... life. The aged ministers of heraldry were set to work (actually prolonging their days by an unexpected [134] revival of interest in their too well-worn function) at the search for some obscure rivulet of Greek descent—later Byzantine Greek, perhaps,—in the Rosenmold genealogy. No! with a hundred quarterings, they were as indigenous, incorruptible heraldry reasserted, as the old yew-trees asquat ...
— Imaginary Portraits • Walter Horatio Pater

... no more to be balked in the repetition of his favourite narrative merely because his hearer chanced to be familiar with its every detail, than he would have been balked in hearing the Grimm genealogy re-read for the ...
— The Return of Peter Grimm - Novelised From the Play • David Belasco

... his riding horses, his cabriolet, or his services in showing him some of the lions of London, he observed that Monsieur de Chatenoeuf must not consider such an offer impertinent on his part, since he believed, if our genealogy were properly traced, some sort of cousinship could be established; as more than one of the De Chavannes had intermarried in old times with the Chatenoeufs of Gascony, when both the families, like their native provinces, had been acting in alliance with the English Plantagenets, against the ...
— Valerie • Frederick Marryat

... divers men, yet it is manifest the Writers were all indued with one and the same Spirit, in that they conspire to one and the same end, which is the setting forth of the Rights of the Kingdome of God, the Father, Son, and Holy Ghost. For the Book of Genesis, deriveth the Genealogy of Gods people, from the creation of the World, to the going into Egypt: the other four Books of Moses, contain the Election of God for their King, and the Laws which hee prescribed for their Government: The Books of Joshua, Judges, Ruth, and ...
— Leviathan • Thomas Hobbes

... the genealogy, gave her a string of strange, barbarous names which did not attract her; so she took up the roll of Luke, and his simple narrative style at once charmed her. There were difficulties in it, no doubt, and she skipped sundry unintelligible passages, ...
— Uarda • Georg Ebers

... being contended that [Greek: logia] could not rightly be extended so as to include any records of the life of Christ: "It is impossible upon any but arbitrary grounds, and from a foregone conclusion, to maintain that a work commencing with a detailed history of the birth and infancy of Jesus, his genealogy, and the preaching of John the Baptist, and concluding with an equally minute history of his betrayal, trial, crucifixion, and resurrection, and which relates all the miracles, and has for its evident aim throughout the demonstration ...
— The Freethinker's Text Book, Part II. - Christianity: Its Evidences, Its Origin, Its Morality, Its History • Annie Besant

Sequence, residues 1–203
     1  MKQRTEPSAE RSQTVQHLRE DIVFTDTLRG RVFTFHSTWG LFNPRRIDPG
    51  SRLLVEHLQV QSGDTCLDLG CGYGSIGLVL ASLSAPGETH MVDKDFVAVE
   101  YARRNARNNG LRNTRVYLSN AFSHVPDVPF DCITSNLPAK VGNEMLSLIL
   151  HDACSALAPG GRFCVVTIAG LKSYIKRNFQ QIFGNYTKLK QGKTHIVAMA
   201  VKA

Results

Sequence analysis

... day for intelligent electrical researches, is claimed to have made the first reversible motor ever contrived. A small motor made by Farmer in 1847, and embodying the electro-dynamic principle was exhibited at the great exposition at Chicago in 1893. If the genealogy of this machine remains undisputed it fixes the fact that the discovery belongs to this country, and to an American.] He mentioned that his machine could be used either to generate a current of electricity on the application of motive power to its armature, or to produce ...
— Steam Steel and Electricity • James W. Steele

... every country in the world this deification of institutions has been promoted by their antiquity. As nobody can remember when they were not, and as no authentic records exist of their first establishment, their genealogy can be traced direct to Heaven without danger of positive disproof. Thus royal races and hereditary aristocracies and privileged priesthoods established themselves so firmly in the opinion of Europe, ...
— The Atlantic Monthly, Volume 1, Issue 2, December, 1857 • Various

... downwards of the middle bar of the letter itself. And perhaps it is not a linear point, but more truly, as Lhwyd figures it, the lower portion of a form of the middle bar of F, of an unusual though not unknown type. The immediate descent or genealogy of those whom these Romano-British inscriptions commemorate is often given on the stones, but their status or profession is seldom mentioned. We have exceptions in the case of one or two royal personages, ...
— Archaeological Essays, Vol. 1 • James Y. Simpson

... crown himself—so I have somewhere read—they submitted to him the royal genealogy they had faked up for him. He crumpled the parchment and flung it in the face of the chief herald, or whoever it was. "My line," said he, "dates from Montenotte." And so I say, my line dates from the campaign that completed and established ...
— The Deluge • David Graham Phillips

... genealogy for you, said Marmaduke, laughing. It does very well till you get across the water, where, as everything is obscure, it is certain to deal in the superlative. You are sure that your English progenitor was great, Dickon, whatever ...
— The Pioneers • James Fenimore Cooper

... Philo embarks upon a discourse on idealism and psychology, making a fresh start continually from a verse or a phrase of the Bible. The Biblical narrative in the earliest chapters offered a congenial soil for his explorations, but no ground is too stubborn for his seed. The genealogy of Noah's sons is as fertile in suggestion as the story of Adam and Eve, for each name represents some hidden power or possesses some ...
— Philo-Judaeus of Alexandria • Norman Bentwich